Most aspen stands regenerate through root sucker growth. Incidentally, in some of the work I have been doing in the last few years, I'm finding that seedling regeneration is more prevalent than forestry textbooks lead us to believe.

Seedling regeneration requires bare mineral soil in a shade-free situation at a time when there is a good seed crop. Not every year is a good seed year, and if a good year doesn't coincide with the soil disturbance, too many annual weeds and other competing vegetation may become established on the site before the aspen seeds are dispersed.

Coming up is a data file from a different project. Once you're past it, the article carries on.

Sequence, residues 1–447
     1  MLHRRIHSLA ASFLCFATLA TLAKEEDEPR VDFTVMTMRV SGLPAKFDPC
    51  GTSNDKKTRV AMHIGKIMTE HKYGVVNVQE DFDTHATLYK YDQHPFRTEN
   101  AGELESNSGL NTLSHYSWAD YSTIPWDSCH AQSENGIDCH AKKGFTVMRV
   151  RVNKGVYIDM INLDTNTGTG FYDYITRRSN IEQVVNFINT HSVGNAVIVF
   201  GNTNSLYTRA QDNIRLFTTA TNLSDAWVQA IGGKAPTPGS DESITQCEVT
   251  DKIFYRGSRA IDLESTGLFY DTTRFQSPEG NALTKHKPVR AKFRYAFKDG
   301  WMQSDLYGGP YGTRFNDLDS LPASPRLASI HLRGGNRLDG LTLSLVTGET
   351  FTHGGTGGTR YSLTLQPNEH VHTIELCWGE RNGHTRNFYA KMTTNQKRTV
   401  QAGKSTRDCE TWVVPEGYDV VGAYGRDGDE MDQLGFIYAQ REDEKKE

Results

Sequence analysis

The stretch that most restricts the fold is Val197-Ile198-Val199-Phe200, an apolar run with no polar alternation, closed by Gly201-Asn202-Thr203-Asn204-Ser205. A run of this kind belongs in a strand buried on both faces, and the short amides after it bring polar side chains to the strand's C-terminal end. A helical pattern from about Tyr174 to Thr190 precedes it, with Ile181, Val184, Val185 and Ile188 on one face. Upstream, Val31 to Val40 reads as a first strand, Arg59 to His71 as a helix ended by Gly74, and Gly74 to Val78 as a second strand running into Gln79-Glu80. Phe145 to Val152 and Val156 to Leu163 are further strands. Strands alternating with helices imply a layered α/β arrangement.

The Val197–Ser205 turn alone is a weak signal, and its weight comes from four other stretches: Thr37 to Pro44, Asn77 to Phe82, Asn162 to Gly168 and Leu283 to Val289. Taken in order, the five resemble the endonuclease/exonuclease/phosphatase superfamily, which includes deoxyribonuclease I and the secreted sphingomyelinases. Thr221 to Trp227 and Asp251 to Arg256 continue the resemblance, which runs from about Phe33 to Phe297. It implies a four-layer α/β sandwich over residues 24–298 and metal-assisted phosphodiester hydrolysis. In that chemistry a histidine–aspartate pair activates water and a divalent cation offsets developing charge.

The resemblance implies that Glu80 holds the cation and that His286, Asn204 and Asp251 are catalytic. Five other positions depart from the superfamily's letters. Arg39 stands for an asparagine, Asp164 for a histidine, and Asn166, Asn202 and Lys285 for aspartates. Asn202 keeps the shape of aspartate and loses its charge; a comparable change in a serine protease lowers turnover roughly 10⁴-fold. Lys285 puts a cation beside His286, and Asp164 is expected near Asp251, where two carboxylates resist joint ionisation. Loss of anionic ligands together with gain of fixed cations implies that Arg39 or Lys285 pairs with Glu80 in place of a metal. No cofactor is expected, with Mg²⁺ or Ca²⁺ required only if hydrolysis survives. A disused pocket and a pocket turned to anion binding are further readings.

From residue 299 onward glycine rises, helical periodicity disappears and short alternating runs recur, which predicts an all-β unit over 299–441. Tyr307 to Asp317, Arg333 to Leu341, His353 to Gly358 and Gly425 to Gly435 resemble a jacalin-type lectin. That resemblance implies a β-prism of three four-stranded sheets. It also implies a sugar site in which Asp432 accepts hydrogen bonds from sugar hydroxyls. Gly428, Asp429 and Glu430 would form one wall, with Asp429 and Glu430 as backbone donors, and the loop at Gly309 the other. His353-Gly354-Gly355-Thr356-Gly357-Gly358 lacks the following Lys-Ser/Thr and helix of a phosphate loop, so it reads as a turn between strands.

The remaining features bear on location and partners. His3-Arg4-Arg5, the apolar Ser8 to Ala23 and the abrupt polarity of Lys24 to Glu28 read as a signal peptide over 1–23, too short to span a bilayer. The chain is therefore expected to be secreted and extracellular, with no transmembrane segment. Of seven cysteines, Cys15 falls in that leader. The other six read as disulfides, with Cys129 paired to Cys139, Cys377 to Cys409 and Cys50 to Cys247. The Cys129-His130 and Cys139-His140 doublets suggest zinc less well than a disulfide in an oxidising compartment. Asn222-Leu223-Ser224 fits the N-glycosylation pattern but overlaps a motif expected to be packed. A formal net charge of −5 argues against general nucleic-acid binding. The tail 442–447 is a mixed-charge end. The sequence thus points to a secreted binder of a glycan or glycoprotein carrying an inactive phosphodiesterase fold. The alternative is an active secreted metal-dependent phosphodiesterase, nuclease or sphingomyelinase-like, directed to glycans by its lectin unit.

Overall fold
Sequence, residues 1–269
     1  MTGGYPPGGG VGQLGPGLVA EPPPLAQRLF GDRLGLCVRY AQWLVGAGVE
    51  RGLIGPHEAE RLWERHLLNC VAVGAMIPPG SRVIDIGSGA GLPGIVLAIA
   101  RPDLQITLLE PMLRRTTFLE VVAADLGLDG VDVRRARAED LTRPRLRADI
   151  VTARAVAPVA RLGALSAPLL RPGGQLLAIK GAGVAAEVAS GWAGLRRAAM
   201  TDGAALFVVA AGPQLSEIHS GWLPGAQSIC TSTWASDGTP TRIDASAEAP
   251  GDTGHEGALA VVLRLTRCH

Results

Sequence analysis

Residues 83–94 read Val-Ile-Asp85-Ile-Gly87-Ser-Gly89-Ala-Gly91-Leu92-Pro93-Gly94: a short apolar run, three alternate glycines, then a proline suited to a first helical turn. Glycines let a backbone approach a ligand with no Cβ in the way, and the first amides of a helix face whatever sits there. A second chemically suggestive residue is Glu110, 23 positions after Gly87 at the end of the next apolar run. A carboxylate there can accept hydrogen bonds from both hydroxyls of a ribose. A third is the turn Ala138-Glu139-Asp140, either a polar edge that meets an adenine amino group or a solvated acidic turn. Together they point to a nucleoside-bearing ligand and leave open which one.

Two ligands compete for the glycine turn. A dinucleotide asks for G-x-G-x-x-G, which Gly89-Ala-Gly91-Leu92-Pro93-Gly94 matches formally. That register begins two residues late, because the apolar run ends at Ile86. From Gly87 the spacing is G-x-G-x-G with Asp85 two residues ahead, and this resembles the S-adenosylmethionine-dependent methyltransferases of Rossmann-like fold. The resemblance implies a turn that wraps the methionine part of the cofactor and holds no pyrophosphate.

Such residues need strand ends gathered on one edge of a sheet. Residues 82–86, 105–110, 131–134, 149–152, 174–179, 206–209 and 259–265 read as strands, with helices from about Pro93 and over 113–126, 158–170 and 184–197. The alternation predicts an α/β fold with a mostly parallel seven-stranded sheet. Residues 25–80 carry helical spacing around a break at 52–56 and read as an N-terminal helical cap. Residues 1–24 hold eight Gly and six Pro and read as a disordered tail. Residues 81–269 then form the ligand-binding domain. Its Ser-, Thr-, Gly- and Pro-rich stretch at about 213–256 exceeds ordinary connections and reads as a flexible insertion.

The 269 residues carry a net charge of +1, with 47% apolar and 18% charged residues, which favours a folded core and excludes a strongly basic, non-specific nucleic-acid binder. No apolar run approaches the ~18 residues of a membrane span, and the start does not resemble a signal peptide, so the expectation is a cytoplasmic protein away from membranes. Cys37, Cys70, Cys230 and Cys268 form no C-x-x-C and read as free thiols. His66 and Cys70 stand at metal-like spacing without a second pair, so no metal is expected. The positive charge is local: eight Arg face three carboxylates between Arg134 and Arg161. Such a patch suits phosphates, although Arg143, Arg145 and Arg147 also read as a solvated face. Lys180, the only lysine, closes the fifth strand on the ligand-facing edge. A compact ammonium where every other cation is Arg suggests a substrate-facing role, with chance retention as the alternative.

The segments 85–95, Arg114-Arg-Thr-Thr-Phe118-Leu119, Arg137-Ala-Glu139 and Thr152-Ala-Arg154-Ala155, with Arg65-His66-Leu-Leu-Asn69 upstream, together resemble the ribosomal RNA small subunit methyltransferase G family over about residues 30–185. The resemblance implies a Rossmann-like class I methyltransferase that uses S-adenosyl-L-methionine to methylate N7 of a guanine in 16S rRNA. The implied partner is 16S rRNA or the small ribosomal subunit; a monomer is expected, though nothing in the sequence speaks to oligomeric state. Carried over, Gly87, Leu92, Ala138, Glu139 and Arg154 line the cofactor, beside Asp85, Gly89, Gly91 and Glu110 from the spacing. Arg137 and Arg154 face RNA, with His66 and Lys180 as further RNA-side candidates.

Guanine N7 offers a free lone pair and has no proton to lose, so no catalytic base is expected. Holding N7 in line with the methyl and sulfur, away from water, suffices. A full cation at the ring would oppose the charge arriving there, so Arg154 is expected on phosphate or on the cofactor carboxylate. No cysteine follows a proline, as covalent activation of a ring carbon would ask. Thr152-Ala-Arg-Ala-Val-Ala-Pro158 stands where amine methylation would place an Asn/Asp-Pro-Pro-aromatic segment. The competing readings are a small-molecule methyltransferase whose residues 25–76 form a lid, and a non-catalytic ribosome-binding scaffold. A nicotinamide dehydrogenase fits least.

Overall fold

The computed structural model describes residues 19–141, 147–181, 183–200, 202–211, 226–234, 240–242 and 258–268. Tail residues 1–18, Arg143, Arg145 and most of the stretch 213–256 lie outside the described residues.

An aspen area that has been cut in the spring will be filled with high-density sucker growth four to six or maybe eight feet tall by the end of the first growing season. This is quite a different story than we see where conifers have been removed. It is usually several years before significant forest cover is re-established on those sites.

My impression is that raptors such as goshawks, broadwings, horned and barred owls do quite well in much smaller forest tracts than the literature often suggests they need.

Sensitive logging of aging aspen shows promise of salvation for much of northern Minnesota's forest wildlife.
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Title Annotation:Battle over Bunyan's Gold; includes related information; innovative forest management
Author:Buckmann, Carol A.
Publication:American Forests
Date:Jul 1, 1990
Previous Article:Minnesota turnabout.
Next Article:The time-warp trees of Comanche country.